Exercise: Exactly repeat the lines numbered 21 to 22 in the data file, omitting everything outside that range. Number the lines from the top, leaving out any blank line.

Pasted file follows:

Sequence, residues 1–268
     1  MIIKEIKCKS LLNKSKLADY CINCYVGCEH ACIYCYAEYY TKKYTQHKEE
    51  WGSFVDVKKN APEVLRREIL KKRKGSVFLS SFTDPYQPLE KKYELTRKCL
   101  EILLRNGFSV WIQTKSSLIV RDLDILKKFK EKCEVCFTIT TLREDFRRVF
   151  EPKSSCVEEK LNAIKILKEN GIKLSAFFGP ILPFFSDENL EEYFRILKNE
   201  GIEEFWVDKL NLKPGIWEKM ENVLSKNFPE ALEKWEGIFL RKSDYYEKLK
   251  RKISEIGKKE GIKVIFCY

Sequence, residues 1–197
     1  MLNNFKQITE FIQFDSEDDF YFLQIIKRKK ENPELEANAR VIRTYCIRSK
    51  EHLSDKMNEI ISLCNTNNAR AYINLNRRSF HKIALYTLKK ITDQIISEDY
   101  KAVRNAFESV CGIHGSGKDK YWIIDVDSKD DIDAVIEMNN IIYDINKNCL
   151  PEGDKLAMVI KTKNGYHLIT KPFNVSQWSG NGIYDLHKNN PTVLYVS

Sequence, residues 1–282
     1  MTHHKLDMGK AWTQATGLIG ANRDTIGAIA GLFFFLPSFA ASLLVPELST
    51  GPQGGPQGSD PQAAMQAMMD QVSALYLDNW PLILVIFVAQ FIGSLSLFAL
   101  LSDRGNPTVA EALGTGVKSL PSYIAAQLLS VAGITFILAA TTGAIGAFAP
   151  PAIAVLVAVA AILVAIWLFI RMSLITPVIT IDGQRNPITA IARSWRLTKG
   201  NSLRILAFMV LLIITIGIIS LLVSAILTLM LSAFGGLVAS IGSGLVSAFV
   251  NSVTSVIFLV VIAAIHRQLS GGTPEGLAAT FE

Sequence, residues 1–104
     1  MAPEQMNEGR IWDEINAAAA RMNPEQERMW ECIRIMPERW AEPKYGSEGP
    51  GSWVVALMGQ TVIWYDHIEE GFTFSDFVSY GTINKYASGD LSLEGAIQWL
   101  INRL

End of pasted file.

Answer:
     1  MAPEQMNEGR IWDEINAAAA RMNPEQERMW ECIRIMPERW AEPKYGSEGP
    51  GSWVVALMGQ TVIWYDHIEE GFTFSDFVSY GTINKYASGD LSLEGAIQWL